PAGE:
And finally, just six years af­ter meet­ing Sharples and start­ing his rac­ing ca­reer, Hill be­came the World Cham­pion, smash­ing his com­pe­ti­tion in the 2006 UCI World Cup Down­hill Cham­pi­onship race in Ro­torua, New Zealand. The fol­low­ing year, he con­sol­i­dated his supremacy, win­ning the World Cham­pi­onship race in Fort Wil­liam, Scot­land, while also tak­ing the over­all World Cup se­ries ti­tle. With­out ques­tion, he had be­come the fastest down­hiller on the planet.

Though he cap­tured the World Cup se­ries ti­tle again in 2009 and won the World Cham­pi­onship race in Mon­tSainte-Anne, Que­bec, in 2010, it was no longer the podium-top­ping fin­ishes that de­fined him among the rid­ing pub­lic. It was the way he raced—flat-out, foot-out, all the time—that gar­nered the rev­er­ence of rac­ing fans and ev­ery­day riders alike.

Hill con­sis­tently es­chewed tac­tics and strate­gic po­si­tion­ing, pre­fer­ring to put ev­ery­thing on the line with each and ev­ery race. If he didn’t win a race on his own terms, it seemed it wasn’t worth win­ning.

“I’ve never known Sam to cheat, or even do any­thing to give him­self a com­pet­i­tive ad­van­tage,” Page says. “A lot of ath­letes will go to venues weeks, or even months, be­fore a race, rid­ing the tracks and get­ting a good feel for the ter­rain. But Sam doesn’t do that. He just rocks up, pre-rides the course once and then goes all-out in his race run.”


This un­com­pro­mis­ing ap­proach to rac­ing, set against Hill’s re­served, unas­sum­ing de­meanor, has made him one of moun­tain bik­ing’s big­gest enig­mas. A man of few words, he truly lets his rid­ing do the talk­ing, shy­ing from the post-race lime­light and rarely re­veal­ing his hand. And his muted, mat­ter-of-fact pub­lic man­ner has left most peo­ple won­der­ing what it is that ac­tu­ally makes him tick.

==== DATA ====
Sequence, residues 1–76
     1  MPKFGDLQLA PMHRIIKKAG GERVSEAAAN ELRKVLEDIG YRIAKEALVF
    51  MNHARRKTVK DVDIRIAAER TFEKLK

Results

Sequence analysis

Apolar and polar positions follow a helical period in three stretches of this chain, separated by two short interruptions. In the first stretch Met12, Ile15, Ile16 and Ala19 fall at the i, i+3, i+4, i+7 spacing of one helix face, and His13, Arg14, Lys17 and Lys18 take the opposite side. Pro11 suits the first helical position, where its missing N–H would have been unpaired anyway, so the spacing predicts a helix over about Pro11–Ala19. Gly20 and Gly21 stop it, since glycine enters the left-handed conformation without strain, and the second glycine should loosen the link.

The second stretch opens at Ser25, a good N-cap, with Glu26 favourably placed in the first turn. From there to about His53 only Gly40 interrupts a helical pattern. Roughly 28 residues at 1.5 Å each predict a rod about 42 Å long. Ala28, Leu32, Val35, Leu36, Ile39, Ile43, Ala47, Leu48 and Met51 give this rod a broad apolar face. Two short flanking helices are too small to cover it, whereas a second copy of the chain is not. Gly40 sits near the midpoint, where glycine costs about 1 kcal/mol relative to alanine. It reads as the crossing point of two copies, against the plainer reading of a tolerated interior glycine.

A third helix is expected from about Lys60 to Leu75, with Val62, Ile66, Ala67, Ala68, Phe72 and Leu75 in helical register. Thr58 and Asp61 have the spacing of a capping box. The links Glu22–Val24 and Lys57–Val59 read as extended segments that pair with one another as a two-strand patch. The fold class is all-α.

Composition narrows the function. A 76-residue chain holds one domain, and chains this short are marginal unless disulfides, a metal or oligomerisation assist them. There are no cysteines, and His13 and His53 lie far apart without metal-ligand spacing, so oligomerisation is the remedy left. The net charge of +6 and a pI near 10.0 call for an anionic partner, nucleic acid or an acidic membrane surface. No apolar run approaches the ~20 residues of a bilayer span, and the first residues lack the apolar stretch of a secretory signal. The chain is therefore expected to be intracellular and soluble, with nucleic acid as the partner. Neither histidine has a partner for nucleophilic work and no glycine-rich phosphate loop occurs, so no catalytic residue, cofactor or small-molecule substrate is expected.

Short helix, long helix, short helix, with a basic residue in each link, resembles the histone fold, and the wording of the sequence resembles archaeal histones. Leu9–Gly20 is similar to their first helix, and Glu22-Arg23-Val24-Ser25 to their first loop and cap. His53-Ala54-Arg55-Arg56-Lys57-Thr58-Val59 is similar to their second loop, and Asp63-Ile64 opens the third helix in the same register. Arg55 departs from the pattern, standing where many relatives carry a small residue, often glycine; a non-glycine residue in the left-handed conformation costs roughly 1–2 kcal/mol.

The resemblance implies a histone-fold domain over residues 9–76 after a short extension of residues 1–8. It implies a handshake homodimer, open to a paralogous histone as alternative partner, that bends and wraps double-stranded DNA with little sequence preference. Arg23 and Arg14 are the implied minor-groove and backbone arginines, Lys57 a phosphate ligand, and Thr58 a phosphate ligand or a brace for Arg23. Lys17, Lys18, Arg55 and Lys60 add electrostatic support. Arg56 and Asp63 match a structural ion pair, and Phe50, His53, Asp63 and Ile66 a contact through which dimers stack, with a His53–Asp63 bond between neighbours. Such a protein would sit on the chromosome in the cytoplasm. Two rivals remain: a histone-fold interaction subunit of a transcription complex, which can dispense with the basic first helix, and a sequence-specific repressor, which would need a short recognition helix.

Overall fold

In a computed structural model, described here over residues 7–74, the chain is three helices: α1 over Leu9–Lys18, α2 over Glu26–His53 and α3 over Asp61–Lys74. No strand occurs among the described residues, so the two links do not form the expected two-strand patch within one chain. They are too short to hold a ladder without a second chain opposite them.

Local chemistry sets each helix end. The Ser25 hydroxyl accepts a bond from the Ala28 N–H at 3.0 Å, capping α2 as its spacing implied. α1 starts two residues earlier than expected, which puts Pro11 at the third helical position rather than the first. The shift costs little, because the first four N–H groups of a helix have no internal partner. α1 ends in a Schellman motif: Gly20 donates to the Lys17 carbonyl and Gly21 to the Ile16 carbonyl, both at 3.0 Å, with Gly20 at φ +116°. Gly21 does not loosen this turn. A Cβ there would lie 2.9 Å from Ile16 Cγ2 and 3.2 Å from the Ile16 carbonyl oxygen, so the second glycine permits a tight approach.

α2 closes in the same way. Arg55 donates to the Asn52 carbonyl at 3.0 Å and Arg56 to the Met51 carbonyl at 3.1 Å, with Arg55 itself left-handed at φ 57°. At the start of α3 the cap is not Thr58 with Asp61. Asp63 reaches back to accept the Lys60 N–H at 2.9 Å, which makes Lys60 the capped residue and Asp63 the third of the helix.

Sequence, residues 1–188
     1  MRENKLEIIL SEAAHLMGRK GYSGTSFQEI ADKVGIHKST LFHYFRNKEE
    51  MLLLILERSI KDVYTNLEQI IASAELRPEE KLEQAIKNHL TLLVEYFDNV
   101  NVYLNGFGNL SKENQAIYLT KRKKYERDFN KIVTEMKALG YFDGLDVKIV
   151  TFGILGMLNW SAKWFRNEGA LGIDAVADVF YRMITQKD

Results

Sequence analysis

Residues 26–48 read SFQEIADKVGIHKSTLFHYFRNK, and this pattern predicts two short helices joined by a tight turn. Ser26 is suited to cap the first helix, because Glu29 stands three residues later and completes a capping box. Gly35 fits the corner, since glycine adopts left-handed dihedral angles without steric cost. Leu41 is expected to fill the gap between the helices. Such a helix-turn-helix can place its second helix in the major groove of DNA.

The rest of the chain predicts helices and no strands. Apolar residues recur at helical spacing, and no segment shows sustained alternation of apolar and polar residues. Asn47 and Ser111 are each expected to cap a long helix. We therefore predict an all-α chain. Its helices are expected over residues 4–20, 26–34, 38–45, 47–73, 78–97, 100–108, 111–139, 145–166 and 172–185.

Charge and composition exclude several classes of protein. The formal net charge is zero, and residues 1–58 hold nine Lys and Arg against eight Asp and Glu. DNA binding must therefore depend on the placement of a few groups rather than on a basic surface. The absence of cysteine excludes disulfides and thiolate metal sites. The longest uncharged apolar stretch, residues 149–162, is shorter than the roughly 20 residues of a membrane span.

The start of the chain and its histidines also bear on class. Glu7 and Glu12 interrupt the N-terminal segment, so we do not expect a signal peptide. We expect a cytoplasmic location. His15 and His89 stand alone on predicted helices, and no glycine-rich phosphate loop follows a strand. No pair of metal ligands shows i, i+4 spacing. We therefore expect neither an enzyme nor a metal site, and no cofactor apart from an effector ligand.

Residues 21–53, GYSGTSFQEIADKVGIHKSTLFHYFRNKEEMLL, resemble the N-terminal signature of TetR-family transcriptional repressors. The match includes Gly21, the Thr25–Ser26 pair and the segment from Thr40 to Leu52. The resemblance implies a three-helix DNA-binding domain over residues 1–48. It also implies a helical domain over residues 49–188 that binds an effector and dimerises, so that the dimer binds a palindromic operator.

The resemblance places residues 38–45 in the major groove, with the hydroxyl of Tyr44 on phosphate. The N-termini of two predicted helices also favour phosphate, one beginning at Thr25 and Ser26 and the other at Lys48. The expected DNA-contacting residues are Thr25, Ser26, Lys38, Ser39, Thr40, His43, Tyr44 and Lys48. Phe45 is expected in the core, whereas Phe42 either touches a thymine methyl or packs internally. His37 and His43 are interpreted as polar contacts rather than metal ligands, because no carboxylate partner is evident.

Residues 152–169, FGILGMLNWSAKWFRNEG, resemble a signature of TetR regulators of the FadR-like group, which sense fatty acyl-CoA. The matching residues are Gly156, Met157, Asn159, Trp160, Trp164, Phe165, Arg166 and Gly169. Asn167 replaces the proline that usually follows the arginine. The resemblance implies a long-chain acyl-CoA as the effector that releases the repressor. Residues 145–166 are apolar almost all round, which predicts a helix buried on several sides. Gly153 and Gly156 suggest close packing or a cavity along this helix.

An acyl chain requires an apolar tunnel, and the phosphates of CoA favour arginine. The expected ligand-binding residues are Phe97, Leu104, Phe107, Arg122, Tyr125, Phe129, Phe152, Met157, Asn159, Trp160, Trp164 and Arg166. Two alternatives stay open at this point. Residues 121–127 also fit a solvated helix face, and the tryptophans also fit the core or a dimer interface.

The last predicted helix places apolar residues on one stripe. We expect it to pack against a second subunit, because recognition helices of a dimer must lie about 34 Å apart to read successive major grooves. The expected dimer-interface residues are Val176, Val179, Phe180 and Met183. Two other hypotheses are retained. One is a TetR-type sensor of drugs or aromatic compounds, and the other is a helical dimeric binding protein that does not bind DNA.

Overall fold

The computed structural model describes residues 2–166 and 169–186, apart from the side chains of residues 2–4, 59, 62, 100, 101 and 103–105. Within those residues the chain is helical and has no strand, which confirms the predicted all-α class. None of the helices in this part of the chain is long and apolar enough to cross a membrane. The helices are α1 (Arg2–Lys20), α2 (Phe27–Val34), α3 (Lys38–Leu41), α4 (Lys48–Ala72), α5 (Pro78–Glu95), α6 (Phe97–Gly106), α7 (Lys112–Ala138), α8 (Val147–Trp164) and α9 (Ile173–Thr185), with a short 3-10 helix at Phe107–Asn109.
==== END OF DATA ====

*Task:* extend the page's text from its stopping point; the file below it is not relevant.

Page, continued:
“Sam’s a very different in­di­vid­ual to most peo­ple you come across in life,” Page says. “He doesn’t re­ally say much to peo­ple, un­less they work with him or

they’re a close friend. But when you get to know him, he’s re­ally funny and down­right mis­chievous. He’s al­ways play­ing prac­ti­cal jokes, and within a cou­ple of days of get­ting to know some­one, he’ll have a special nick­name for that per­son.

“Most peo­ple will never see that side of him, though,” Page adds. “As soon as the cam­eras come out, he’s a to­tally different per­son. Once the teach­ers are around, he’s sud­denly on his best be­hav­ior.”

By all ac­counts, how­ever, one of Hill’s most defin­ing traits is his loy­alty—both to friends and to the things he knows best. In an era when rid­ing clipped-in is con­sid­ered de rigueur among elite rac­ers, Hill con­tin­ues to stick with what he knows, from his pre­ferred han­dle­bar width to his tried-and-true flat ped­als.

Rather than fol­low­ing in­dus­try-driven trends and seek­ing out tech­no­log­i­cal ad­van­tages, he con­tin­ues to rely on what has al­ways worked for him. If his ballsy line choices, Hou­dini-like cor­ner­ing skills and pen­chant for speed in highly tech­ni­cal ter­rain can’t pro­pel him to vic­tory, he loses in­ter­est.

And dur­ing his last few years of World Cup DH rac­ing, when the UCI be­gan to for­sake the steep, gnarly tracks of yore for high-speed, com­par­a­tively groomed run­ways, Hill al­most seemed bored.